Marching on to a Move-in date
Sometime in mid-March; that’ll be the day. After months of catch-up work and years of delays, it seems that city workers will finally be able to move into their new digs in a finished civic administrations building just before the start of spring. This message was from Hans Loewig, Chief administrative Officer for the city, was post on the Ward 5 blog: “I’m pleased to be in touch with good news this morning about the completion of City Hall and our move-in schedule.
“Resulting from a thorough inventory of work that remained after Urbacon’s termination, the City’s general contractor estimates that City Hall will be substantially complete by the end of March 2009. Departmental move-ins are being scheduled to take place even earlier in mid-March.”
According to a report, about $2.4 million in work remained when Alberici Constructors Ltd. took over for old contractors Urbacon last fall. Further, it has cost the city another $500,000 to fix deficiencies apparently noticed by the architect but ignored as construction of the building struggled to proceed. Overall all though, this is good news for city staff, some of whom have been without permanent quarters since the completion deadline was missed, again, last November.
So with the new city hall seemingly on track, the attention of council now turns to the question of what’s to be done with the current city hall building. Now, the current and future-former city hall is a heritage building and an important piece of Ontario history, so you can’t just tear it down and build a Tim Hortons. When construction on the new city hall began many moons ago, it was the decision of the council at the time to turn the old building into a new municipal courthouse. It’s a possibility, but the Mayor says not so fast. “We have to understand the rationale of why that use was chosen for this building,” said Karen Farbridge.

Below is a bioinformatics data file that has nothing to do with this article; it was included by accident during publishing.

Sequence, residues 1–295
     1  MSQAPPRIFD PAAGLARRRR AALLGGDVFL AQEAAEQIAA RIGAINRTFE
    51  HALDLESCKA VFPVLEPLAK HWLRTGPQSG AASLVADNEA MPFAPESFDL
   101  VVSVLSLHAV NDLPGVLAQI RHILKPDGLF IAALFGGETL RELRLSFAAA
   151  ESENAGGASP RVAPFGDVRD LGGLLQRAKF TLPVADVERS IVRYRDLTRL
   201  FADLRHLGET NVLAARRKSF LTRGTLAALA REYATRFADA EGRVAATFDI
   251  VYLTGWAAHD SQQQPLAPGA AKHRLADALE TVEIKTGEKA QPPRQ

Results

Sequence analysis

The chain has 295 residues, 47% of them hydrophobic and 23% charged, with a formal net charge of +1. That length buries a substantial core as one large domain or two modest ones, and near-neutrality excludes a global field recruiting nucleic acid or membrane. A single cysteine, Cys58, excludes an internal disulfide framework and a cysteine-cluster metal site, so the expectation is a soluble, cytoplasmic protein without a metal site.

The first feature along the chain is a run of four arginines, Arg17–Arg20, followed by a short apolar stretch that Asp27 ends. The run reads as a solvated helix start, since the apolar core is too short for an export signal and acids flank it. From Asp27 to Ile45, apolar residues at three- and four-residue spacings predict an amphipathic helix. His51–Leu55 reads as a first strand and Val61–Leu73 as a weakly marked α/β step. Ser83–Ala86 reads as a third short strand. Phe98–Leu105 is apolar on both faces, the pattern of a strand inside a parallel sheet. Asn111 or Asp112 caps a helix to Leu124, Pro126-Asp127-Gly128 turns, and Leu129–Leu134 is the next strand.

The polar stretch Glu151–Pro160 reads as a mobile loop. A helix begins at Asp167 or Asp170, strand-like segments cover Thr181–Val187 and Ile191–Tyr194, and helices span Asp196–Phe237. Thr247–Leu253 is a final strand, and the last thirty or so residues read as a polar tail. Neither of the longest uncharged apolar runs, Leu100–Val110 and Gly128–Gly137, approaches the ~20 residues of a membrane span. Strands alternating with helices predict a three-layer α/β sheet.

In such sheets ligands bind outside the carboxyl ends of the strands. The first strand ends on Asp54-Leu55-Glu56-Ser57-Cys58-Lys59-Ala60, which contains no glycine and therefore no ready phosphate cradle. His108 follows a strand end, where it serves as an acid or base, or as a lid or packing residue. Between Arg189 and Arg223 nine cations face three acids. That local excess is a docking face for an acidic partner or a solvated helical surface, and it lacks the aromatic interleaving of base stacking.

Former councillor Cathy Downer chaired the committee that reached the decision to convert the current city hall into a courthouse post-move. Part of the rationale had to do with the fact that the city hall building was found to be an “ideal size and an ideal set-up inside” for a courthouse, according to provincial requirements for court space. Downer said that sticking to the plan and restoring city hall into a courthouse would mean restoring a lot of original features now hidden behind false ceilings, she said. It would be an opportunity to “bring back the lovely big rooms of the city hall.”
Currently court space is being leased on the second floor of Old Quebec Street, but nobody likes that idea as a permanent solution. Meanwhile, there’s been discussion about making city hall the site of the new library or arts centre. Considering the contract for the conversion was with the aforementioned Urbacon, it seems a proverbial can of worms has been opened up about the fate of what will soon be called the old city hall. Stay tuned.
No new radio for Guelph
Guelph listeners hoping for a little spice in their radio options had their hopes dashed last week when the Canadian Radio-television and Telecommunications Commission (CRTC) said thanks, but no thanks, to three applications for new stations in the Royal City. Three groups: Blackburn Radio Inc., Frank Torres of Skywords/DAWG FM, and Guelph Broadcasting Corporation all filed applications last year to start a new FM station in the city. A fourth application for AM station CJOY, owned by Corus Entertainment, to move to the FM dial, was also up for consideration. But all applications were denied unfortunately. The CRTC said that in the current economy it just isn’t feasible for Guelph to support a new, local radio station.
"We're surprised that we would go through the entire process of the hearings, just to have the commission say they would issue no licences at all," said Frank Torres, president of Skywords/DAWG FM, he was surprised by the unanimous thumbs down. "From what I've seen so far, their decision is based on the economic downturn that has taken place subsequent to the initial application." John Weese of Blackburn Radio Inc. added, "We certainly trust our own behaviour and our own business ability to be able to go in there and make a go of it."